(5.) After hearing learned counsel for the parties and after perusing the materials on record including the impugned order and the relevant provisions of law, it is quite apparent that Section 169(2) of the Act specifically provides that the Claims Tribunal shall have all the powers of a Civil Court for the purposes prescribed or may be prescribed and the Claims Tribunal shall be deemed to be a Civil Court for the purposes of Section 195 and Chapter XXVI of the Code of Criminal Procedure, 1973. Hence, it is quite apparent that if the Claims Tribunal have all the powers of a Civil Court for the said purposes, it will consequently have the inherent power to correct its own mistake under Section 152 of the Code and the bar of Section 175 with respect to the jurisdiction of the Civil Court can not be made applicable to the instant case as the impugned order has been passed not by a Civil Court but by a Claims Tribunal. Hence, I hold that the petition under Section 152 of the Code filed by the claimants was maintainable in the eye of law.
(6.) From perusal of the Award, it is quite apparent that various amounts have been awarded under various heads as per the provision of law. The said awarded amounts under various heads have been affirmed upto the Hon'ble Apex Court and hence it is the duty of the petitioner-Judgment Debtor to pay all the various amounts under separate heads as awarded by the Claims Tribunal. It is also apparent from the said Award that the total amount after adding all those heads have been noted as Rs. 20,17,370/-. But a simple calculation by way of addition reveals that it should have been Rs. 22,67,370/- and hence there is a clear error of calculation in the Award due to which an amount has been paid which is Rs. 2,50,000/- less that the actually awarded amount. Thus, it was not only the inherent power of the Court below but was its legal duty also to correct the said arithmetical mistake and direct for payment of the balance amount.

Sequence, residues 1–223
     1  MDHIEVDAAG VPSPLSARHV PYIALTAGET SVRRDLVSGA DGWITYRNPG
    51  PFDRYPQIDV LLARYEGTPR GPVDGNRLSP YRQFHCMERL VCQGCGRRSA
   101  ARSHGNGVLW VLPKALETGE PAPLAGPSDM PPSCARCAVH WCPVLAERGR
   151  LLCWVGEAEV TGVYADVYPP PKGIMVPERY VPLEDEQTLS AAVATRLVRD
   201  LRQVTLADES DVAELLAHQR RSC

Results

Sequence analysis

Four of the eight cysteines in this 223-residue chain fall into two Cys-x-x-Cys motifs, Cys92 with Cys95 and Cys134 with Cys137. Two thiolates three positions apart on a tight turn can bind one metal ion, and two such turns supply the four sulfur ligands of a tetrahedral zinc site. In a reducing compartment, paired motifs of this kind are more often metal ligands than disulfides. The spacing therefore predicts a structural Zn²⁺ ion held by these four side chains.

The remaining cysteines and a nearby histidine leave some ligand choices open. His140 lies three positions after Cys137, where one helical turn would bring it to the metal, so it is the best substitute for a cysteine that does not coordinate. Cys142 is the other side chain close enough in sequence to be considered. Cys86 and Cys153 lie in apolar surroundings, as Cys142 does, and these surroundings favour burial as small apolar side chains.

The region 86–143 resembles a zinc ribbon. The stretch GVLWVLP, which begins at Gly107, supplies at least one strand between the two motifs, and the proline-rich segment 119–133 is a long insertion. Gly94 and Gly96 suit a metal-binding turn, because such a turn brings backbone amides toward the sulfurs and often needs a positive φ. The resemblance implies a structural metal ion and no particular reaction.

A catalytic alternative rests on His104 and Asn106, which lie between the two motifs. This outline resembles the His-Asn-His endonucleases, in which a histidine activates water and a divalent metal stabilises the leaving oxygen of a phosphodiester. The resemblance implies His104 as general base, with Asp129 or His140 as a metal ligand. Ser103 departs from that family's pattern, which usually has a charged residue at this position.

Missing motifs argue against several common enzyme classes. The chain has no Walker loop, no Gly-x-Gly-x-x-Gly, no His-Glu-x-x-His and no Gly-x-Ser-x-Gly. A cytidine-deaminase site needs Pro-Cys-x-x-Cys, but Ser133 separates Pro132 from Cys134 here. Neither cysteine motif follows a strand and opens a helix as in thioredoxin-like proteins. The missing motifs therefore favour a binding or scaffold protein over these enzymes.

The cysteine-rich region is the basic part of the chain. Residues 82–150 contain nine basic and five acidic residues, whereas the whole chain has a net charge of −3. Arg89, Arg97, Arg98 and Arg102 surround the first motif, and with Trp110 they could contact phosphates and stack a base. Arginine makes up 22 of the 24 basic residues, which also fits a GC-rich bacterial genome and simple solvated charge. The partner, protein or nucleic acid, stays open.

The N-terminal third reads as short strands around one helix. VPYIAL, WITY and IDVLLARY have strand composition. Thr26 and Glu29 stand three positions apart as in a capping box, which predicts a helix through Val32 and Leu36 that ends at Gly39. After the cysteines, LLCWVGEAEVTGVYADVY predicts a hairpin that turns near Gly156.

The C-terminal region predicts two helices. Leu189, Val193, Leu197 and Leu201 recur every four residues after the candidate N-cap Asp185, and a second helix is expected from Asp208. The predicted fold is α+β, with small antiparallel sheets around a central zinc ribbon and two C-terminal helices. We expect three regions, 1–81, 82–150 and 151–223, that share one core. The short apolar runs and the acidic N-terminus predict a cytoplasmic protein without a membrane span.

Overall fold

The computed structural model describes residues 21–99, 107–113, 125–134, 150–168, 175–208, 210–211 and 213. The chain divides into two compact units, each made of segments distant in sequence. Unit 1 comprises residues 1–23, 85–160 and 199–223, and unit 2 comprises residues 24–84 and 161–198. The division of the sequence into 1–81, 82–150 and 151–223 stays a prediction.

(7.) It is quite true that after the satisfaction of the Award, the Court can not proceed further with respect to the decision on merit or law. But definitely the Court can not be functus-officio for correction of the decree/Award due to obvious arithmetical error committed therein. Furthermore, if the decree/Award does not agree with the express terms of Judgment, the Court/Tribunal can very well exercise its power to correct the same even if the decree/Award is executed.
(8.) In the said circumstances, I do not find any illegality or jurisdictional error in the impugned order and accordingly this Civil Revision is dismissed